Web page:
Headlines: November 1st, 2001

The drive for better quality public services is being reflected in higher stress levels. Zurich Municpal, the leading provider of risk management services and advice to the UK public sector, has reported a 30% rise in stress related claims since last year. Typical of a growing number of claims for mental and emotional injury was a social worker who was awarded 140,000 pounds for a stress related illness. One in five people in the workplace in the UK experience work related stress.The Confederation of British Industry’s annual absence survey published in May 2001 revealed that public sector workers continue to be absent for more days than those in the private sector. An average of 10.2 days compared to 7.6 for the private sector.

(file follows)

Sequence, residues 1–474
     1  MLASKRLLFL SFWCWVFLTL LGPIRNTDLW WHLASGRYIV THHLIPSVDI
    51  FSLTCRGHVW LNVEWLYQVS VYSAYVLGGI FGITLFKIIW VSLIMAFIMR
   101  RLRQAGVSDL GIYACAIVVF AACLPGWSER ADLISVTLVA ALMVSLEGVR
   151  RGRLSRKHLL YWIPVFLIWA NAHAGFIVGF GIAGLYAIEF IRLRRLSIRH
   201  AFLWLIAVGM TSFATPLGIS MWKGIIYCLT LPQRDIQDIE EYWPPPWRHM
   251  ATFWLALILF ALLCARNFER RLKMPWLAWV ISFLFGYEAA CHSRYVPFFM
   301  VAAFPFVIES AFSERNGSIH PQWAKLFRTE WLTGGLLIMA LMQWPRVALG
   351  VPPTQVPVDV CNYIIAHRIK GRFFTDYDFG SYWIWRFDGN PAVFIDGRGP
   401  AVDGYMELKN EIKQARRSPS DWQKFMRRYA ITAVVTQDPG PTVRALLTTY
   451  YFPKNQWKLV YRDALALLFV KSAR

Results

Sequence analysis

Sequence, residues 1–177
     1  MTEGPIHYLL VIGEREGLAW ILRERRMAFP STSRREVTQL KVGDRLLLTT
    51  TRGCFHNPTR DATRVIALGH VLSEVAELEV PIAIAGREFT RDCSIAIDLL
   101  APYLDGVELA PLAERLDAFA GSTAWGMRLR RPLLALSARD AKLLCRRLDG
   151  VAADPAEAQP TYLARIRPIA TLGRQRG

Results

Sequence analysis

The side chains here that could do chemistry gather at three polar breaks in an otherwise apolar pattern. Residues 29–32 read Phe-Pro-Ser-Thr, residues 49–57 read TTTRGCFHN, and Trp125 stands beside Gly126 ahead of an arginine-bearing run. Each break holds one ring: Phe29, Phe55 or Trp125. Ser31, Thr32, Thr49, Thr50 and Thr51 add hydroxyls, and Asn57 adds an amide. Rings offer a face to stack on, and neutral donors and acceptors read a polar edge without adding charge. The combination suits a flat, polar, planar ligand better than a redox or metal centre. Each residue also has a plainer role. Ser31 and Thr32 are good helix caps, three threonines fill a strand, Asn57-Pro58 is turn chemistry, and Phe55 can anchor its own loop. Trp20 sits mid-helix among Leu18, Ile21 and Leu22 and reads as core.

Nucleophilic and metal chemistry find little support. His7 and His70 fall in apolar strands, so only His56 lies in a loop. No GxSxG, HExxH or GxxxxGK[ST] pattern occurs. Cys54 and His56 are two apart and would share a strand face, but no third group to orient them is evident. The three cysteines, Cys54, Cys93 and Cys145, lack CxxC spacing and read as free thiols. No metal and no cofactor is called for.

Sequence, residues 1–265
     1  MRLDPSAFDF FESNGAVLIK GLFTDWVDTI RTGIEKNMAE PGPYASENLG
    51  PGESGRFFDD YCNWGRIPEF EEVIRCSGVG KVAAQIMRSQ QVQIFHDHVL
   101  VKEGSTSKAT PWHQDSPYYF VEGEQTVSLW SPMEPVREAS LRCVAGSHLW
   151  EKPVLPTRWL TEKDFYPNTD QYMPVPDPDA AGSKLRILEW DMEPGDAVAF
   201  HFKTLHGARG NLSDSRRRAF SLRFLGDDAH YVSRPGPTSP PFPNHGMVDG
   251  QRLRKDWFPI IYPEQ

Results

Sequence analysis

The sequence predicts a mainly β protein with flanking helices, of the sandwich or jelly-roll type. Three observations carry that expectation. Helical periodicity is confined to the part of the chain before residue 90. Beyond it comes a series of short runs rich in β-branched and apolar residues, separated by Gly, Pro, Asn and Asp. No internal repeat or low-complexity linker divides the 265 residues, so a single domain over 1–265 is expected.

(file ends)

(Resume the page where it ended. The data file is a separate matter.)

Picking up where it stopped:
Because of the concern about stress in the workplace and the impact it has on employees, absence rates and liability claims, the International Stress Management Association UK has organized a National Stress Awareness Day on 7 November 2001. The aim is to help employers and employees to understand better the guidance issued by the Health and Safety Executive in July 2001. The guidance explains that work related stress is a symptom of an organizational problem and not an individual weakness. It is the adverse reaction people have to excessive pressure or other types of demand placed on them. It is not an illness but can lead to increased problems with ill health. If it is prolonged, or particularly intense it can lead to physical effects such as heart disease or back pain. It can also lead to psychological effects such as anxiety or depression.